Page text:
As a developer, we often times deal with massive amount of nested relations and multi-dimensional arrays. Which also means from time to time we get hounded by some unexpected
Undefined index or
Trying to get property of a non-object errors.
For me, I often times experience this when I'm working on generating excel reports. So let me give you some real world (almost) examples..
Let's say we are creating an export excel report functionality for a helpdesk ticketing app.
We have a
$ticket model that has an
id field. It belongs to an
$approver model that has a
full_name field. So when we plot on excel sheet we want to know who is the approver of the ticket.
Somewhere in our code we will have something like:
// Assume that the array keys are the excel headings.. return [ 'ticket_id' => $ticket->id, 'approver' => $ticket->approver->full_name, ];
At first this looks all good. However, if the ticket has not yet been approved
$ticket->approver will result to
null. And since you are basically doing
null->full_name you'll get the really nasty error of
Trying to get property 'full_name' of non-object.
In reality, if
$ticket->approver is null, we want it to just return
null so the excel cell can be empty and not worry about any error.
optional(...) to the rescue!?
Yes! The magical
optional(...) helper function can help here. So we can just say:
return [ 'ticket_id' => $ticket->id, 'approver' => optional($ticket->approver)->full_name, ];
This looks quite okay already. You submit a PR and what a productive day it is, right?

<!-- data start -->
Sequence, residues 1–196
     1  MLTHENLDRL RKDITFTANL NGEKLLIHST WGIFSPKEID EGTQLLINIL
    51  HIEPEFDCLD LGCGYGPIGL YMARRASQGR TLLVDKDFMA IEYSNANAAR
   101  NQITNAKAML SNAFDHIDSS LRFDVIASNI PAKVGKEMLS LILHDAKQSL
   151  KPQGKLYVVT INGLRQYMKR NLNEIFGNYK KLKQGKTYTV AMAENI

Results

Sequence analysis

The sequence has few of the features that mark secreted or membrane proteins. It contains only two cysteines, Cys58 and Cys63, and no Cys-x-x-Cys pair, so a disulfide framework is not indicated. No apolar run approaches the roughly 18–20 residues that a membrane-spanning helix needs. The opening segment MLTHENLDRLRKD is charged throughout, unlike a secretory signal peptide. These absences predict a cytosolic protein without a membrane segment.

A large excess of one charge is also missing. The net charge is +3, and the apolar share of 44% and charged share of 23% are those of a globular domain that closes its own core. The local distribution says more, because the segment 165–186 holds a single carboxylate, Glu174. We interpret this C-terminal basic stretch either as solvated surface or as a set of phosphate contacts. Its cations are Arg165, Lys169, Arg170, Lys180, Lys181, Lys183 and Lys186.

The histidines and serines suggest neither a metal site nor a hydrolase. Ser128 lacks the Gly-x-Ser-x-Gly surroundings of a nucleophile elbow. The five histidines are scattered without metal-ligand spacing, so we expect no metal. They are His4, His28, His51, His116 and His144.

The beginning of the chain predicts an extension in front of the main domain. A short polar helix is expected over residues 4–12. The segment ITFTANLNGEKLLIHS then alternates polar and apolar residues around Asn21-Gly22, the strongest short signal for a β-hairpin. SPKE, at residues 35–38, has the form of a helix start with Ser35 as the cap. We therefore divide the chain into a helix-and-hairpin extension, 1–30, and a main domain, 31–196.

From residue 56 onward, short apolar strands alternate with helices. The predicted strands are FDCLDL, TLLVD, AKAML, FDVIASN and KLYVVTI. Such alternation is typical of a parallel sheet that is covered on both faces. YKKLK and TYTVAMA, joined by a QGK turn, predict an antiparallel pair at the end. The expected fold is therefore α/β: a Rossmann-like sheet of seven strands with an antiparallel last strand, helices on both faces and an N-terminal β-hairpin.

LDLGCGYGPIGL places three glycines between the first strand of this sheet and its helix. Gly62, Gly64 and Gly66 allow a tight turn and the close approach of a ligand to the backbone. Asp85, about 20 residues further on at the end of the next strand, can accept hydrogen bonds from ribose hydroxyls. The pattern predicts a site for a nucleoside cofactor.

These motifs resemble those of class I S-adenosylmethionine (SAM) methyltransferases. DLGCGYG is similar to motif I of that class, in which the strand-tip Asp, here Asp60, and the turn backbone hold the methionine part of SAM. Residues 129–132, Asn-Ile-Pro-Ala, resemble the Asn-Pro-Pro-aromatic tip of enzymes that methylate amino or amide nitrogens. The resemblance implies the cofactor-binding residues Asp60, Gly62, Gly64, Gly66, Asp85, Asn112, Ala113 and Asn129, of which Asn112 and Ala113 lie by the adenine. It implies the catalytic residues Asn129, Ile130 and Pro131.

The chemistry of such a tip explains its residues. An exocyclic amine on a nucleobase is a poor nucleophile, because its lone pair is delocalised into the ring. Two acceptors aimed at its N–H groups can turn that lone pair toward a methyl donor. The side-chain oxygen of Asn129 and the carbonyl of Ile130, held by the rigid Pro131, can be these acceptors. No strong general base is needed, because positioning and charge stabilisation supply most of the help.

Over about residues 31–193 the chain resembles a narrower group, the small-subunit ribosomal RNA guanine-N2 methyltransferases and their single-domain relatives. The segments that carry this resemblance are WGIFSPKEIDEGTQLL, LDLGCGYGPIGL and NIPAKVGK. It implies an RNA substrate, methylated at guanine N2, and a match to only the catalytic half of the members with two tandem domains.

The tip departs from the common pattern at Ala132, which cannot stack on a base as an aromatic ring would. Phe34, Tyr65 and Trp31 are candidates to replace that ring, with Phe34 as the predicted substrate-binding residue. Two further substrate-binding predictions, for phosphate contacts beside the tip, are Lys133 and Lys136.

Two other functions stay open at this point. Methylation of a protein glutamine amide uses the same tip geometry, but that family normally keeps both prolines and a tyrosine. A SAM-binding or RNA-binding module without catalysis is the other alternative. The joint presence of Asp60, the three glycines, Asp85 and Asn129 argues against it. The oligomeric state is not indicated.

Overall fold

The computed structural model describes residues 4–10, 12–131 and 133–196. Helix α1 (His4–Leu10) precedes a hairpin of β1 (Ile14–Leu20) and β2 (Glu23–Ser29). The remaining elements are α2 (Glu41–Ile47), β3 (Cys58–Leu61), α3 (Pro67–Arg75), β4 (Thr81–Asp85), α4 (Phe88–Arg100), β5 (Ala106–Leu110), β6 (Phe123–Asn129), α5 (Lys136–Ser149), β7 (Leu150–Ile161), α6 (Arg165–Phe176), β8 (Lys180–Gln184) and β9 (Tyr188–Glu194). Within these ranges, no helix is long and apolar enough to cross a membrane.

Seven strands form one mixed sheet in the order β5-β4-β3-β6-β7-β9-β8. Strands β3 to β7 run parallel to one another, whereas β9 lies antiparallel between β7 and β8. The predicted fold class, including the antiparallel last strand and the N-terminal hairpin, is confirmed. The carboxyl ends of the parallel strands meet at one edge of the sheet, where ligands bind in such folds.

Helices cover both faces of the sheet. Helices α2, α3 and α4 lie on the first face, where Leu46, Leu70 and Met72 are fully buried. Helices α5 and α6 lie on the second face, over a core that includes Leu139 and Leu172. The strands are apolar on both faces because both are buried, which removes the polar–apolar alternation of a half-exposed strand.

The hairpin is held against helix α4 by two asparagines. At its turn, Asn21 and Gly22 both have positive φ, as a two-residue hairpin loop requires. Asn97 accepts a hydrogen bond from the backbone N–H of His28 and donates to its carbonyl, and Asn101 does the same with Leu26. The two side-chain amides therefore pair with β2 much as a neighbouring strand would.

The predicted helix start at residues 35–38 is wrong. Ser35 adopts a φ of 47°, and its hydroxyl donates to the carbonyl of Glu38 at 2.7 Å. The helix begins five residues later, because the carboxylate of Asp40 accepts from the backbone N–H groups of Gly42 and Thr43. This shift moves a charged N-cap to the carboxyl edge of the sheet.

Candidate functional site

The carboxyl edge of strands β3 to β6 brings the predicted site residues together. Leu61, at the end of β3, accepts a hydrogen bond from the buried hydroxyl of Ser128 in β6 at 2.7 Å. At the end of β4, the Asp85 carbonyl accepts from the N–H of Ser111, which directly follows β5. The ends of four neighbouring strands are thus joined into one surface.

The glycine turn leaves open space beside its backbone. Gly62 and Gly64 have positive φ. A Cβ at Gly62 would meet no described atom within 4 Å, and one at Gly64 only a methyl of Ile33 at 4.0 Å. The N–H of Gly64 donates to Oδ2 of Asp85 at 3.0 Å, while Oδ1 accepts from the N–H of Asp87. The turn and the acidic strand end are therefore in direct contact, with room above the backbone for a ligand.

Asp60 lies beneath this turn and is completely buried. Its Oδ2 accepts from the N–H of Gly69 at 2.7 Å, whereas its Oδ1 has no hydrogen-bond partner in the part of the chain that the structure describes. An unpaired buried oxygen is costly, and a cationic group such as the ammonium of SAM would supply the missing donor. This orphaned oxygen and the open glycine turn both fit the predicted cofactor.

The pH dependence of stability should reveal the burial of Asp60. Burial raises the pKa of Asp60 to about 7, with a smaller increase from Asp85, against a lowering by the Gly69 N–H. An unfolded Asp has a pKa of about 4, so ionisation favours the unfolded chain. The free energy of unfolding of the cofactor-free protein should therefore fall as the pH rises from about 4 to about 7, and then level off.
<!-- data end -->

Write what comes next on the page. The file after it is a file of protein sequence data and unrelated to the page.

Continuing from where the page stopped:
But then your client decided to add another caveat. Now
$approver model belongs to a
$company model that has a
name field in it, and your client wants that added on the excel sheet too.
return [ 'ticket_id' => $ticket->id, 'approver' => optional($ticket->approver)->full_name, 'approver_company' => optional($ticket->approver)->company->name, ];
However, if for some reason
$company is not present from the approver model then we'd be back to that nasty error again. Okay so we can just wrap it in another
optional(...) right? Well, we can do that... but it does not look clean... and there is a better solution.
If you are not yet familiar with what this helper does, take a look at the official documentation here!.
Let's go ahead and change our implementation:
use Illuminate\Support\Arr; ... return [ 'ticket_id' => Arr::get($ticket, 'id'), // Apply here as well so it looks uniform :) 'approver' => Arr::get($ticket, 'approver.full_name'), 'approver_company' => Arr::get($ticket, 'approver.company.name'), ];
Now if either
$company model is not set, we do not have to worry about the nasty error. And it works seamlessly on multi-level nesting too.
Note: Obviously, the implementation will not work if the inner relation is a
Collection. That's a totally different approach when plotting on an excel cell.